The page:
Fertiliser: The cost of nitrogen fertiliser is soaring. Those who purchased at the end of 2020 or in early January will have secured prices around 40% cheaper than current quotes. Those that spread urea in January and early February seem to have got a good response.

However, most farmers didn’t get a chance to spread at that stage. The forecast for the weekend and into next week is good, so there should be an opportunity to get nitrogen spread.

Teagasc trial work has consistently shown a good response to early nitrogen.

Spreading 24 units/acre of urea in early January yielded an extra 300kgDM/ha of grass by mid-March compared to not spreading. There is a higher response to March application. Spreading 40 units/acre in mid-March generated an extra 650kgDM/ha of grass by 20 April.

Soil temperatures are currently very high at between 6°C and 9°C and grass growth is good in general. On farms that have no N spread yet, I would be inclined to go with 30 units/acre as soon as conditions allow. On farms that have nitrogen spread, they can hold off for another few weeks and then go with something similar in mid-March. Remember, ground that has received slurry can be skipped with the bag nitrogen. If conditions allow, spread slurry on fields that have been grazed.

Calf sales: The next few weeks will be the peak time for calf sales. The minimum age for a calf to be sold is 10 days of age. Calves must be at least 10 days of age before they can be moved off farm and they must have a dry naval. Calves for export must be at least two weeks of age and be less than six weeks of age. If taking Holstein Friesian-type calves to the mart, make sure they are within a day or so of 14 days old to make them eligible for export. This will make those calves more attractive for exporters.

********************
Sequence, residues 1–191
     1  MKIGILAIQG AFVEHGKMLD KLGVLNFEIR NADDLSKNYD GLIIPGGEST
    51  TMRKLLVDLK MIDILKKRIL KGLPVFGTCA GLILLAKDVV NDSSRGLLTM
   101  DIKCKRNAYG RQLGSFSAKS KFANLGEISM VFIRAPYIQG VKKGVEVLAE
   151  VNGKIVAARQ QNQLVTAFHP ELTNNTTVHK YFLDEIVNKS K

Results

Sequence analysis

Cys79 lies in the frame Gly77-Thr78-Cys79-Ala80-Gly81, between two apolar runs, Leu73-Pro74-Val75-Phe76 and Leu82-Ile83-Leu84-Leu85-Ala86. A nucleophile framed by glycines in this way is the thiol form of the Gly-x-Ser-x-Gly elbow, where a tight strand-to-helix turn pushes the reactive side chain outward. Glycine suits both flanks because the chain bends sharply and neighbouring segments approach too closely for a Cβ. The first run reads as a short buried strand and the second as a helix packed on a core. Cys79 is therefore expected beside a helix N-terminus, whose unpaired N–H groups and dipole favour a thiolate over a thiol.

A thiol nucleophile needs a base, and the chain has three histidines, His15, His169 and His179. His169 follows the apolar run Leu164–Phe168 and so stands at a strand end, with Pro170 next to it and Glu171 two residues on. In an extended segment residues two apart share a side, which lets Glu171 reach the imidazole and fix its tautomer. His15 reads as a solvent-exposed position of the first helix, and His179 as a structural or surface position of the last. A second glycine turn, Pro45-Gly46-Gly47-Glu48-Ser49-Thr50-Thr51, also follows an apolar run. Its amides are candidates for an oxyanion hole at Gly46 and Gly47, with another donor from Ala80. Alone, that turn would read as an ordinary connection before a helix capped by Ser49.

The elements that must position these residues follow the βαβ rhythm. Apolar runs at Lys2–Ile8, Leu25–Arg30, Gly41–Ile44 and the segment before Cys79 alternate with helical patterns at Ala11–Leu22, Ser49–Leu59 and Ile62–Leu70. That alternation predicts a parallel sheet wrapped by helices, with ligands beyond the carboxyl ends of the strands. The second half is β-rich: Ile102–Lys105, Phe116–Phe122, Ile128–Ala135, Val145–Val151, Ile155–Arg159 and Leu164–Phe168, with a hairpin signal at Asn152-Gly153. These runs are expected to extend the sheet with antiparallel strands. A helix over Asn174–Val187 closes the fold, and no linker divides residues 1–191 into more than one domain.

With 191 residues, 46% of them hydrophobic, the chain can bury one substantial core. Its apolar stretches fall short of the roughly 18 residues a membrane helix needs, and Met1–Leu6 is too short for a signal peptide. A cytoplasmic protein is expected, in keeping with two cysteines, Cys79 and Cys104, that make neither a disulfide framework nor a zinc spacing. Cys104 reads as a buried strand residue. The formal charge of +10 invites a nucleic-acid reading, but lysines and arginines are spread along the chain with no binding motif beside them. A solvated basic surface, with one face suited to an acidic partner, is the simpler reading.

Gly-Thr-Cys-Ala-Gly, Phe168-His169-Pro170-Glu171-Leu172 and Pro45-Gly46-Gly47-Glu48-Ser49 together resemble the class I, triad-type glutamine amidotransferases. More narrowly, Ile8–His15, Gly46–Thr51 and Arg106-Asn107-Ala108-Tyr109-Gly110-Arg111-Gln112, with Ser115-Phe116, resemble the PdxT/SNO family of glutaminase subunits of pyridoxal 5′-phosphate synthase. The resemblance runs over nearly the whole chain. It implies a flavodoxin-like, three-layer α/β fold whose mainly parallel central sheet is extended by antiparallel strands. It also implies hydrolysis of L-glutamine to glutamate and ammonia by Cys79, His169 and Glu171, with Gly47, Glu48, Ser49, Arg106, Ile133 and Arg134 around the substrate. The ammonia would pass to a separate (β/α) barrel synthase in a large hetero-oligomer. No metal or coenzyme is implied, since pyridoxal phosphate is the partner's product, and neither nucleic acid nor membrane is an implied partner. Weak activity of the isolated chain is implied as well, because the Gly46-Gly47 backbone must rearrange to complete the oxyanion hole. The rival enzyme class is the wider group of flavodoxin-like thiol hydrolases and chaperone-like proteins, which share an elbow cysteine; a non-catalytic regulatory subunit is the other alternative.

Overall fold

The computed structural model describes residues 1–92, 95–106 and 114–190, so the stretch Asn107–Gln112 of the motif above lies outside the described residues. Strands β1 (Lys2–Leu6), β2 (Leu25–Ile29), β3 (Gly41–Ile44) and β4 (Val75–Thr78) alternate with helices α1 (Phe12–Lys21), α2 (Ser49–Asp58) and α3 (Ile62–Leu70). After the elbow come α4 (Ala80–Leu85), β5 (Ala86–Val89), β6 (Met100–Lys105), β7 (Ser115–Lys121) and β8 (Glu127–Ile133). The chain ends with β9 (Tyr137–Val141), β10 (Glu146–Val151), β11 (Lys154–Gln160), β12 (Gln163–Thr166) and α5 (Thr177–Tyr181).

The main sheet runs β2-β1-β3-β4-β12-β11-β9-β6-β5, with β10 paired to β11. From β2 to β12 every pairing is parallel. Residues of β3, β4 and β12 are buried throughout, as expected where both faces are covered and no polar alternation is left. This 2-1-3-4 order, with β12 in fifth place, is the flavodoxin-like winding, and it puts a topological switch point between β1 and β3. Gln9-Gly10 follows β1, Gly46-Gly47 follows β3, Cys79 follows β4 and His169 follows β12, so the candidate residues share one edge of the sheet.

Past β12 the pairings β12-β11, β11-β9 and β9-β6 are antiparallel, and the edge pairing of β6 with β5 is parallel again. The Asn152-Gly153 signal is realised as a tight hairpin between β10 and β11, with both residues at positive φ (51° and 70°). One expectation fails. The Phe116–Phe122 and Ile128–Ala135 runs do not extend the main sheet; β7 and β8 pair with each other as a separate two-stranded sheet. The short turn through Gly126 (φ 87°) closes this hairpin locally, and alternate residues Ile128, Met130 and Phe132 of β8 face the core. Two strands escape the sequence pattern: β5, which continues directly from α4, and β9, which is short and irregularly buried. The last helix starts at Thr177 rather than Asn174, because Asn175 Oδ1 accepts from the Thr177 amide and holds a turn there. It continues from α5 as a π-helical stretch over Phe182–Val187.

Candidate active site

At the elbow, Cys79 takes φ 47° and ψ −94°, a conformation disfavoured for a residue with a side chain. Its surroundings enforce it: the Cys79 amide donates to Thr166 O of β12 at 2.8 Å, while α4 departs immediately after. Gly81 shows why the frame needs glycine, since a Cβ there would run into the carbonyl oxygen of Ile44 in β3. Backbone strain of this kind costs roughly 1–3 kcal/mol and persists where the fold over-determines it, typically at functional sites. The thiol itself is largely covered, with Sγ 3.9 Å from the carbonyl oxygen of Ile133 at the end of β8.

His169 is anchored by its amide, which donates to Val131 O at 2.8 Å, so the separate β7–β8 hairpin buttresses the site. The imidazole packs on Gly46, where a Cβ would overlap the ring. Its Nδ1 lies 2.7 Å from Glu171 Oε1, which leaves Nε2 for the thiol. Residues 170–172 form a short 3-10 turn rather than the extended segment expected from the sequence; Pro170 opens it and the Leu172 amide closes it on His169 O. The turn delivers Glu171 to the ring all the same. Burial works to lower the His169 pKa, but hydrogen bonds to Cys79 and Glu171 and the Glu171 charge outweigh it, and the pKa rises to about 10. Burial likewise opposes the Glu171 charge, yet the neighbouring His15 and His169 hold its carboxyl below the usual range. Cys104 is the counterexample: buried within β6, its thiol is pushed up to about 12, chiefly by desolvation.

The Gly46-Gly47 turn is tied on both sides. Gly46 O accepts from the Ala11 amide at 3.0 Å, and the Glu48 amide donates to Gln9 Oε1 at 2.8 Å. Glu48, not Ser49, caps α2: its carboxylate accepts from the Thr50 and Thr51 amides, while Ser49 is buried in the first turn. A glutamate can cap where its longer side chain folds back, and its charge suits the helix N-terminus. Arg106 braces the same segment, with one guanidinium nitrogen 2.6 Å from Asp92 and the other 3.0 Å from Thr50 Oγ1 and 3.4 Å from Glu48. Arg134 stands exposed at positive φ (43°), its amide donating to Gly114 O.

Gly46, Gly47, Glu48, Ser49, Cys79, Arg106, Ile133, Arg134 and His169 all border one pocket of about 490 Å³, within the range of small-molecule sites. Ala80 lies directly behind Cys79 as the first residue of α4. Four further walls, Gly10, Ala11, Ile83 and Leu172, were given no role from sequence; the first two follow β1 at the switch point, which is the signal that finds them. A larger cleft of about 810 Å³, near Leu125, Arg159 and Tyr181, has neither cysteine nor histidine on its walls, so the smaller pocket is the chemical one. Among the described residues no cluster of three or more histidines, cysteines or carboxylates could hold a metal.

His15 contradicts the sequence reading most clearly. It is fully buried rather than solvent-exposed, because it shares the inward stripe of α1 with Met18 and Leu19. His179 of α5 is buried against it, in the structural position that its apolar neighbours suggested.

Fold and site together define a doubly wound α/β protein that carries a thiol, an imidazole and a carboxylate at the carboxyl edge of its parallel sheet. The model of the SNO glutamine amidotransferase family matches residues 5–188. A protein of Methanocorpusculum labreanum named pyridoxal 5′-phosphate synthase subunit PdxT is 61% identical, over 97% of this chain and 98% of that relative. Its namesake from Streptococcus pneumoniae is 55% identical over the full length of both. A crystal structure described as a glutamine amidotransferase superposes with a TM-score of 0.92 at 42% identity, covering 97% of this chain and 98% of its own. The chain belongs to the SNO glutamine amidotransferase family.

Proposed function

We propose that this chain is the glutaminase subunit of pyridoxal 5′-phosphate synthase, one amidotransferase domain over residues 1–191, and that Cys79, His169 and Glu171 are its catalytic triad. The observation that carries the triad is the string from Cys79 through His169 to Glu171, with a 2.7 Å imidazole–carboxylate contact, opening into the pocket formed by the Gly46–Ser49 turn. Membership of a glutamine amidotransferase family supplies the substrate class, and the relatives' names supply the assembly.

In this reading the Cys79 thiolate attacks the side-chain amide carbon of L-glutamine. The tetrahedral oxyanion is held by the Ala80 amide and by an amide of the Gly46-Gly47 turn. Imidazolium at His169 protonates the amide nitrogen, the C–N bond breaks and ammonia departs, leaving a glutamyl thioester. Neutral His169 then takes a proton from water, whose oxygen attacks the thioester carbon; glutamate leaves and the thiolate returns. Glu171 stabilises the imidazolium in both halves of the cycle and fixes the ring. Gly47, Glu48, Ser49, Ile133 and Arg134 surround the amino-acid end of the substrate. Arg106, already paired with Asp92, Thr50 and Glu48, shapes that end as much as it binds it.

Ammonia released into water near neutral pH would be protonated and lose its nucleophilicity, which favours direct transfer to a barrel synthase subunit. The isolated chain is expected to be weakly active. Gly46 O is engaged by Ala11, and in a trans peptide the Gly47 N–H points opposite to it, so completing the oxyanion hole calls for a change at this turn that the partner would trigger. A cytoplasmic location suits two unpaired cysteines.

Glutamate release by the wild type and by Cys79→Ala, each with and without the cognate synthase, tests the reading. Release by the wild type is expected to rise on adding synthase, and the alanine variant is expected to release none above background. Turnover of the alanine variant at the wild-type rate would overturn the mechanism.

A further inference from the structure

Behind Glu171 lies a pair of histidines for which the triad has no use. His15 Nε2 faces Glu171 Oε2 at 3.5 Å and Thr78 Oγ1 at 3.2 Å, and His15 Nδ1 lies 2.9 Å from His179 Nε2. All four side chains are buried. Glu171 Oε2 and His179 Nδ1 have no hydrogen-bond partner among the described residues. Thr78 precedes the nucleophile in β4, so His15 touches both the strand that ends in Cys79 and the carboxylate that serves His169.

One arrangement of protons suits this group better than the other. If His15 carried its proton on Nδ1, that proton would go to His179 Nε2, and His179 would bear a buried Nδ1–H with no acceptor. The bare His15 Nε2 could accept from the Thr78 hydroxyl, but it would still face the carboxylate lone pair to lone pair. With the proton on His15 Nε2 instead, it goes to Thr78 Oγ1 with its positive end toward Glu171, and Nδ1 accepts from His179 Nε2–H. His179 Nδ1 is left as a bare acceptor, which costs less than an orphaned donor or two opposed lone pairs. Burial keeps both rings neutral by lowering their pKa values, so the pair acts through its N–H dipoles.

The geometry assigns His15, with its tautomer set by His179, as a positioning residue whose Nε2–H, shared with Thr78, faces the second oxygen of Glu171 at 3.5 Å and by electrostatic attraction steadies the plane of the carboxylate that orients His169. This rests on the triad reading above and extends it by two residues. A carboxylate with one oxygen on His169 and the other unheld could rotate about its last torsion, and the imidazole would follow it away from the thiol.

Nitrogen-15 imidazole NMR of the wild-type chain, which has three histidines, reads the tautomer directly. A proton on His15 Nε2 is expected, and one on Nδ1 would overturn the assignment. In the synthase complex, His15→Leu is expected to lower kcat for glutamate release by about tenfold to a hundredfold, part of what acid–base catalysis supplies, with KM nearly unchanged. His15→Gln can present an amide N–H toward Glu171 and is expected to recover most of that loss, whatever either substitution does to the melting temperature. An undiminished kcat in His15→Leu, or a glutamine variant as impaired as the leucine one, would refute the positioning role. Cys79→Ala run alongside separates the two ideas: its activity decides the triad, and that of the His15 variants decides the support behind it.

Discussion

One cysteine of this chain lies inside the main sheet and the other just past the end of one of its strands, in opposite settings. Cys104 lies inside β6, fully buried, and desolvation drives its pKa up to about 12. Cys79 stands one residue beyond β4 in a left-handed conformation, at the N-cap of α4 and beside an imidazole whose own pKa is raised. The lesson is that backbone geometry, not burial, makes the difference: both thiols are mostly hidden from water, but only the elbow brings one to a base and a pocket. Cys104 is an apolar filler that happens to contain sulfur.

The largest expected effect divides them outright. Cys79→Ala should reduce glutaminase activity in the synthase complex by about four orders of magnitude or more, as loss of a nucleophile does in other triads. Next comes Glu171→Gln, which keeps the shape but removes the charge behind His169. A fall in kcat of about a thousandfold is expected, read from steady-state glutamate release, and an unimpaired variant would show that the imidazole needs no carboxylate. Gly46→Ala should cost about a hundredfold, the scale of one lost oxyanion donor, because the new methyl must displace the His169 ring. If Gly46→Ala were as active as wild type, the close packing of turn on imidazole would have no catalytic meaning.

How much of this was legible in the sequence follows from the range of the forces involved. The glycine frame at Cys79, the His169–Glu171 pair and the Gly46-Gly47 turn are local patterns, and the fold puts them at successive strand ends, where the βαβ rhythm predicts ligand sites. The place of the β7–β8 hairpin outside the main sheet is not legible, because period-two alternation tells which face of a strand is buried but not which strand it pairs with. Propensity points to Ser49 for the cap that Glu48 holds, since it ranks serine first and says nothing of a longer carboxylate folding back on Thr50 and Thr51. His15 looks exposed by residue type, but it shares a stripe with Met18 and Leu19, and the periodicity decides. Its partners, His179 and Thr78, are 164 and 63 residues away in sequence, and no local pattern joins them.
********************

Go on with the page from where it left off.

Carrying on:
Grazing: Hopefully, the much sought-after dry and settled weather will bring a return to grazing for all dairy farmers. Most farmers are well behind target in terms of area grazed but it is not a cause to be overly concerned just yet. For the moment, the key thing is to get as much area grazed as quickly as possible. On page 36 and 37, Gary Shaw from Mayo says he plans to get 50% grazed by 20 March and then drag out the next 50% to 10 April or so.

Getting area grazed as quickly as possible will mean that area has time to regrow before the start of the second rotation. You want to avoid a situation whereby there is too much grass ahead of the cows in late March and not enough grass coming on behind. To achieve this, farmers who have little or none of the farm grazed to date will have to go at it hammer and tongs over the next few weeks. Presuming ground conditions can cope, cows should be out day and night and silage removed from the diet. Meal feeding should be minimised (it’s very expensive now) and low covers should be grazed first. This is really high-quality feed – high in protein and high in energy. It’s better than anything you can get in a nut.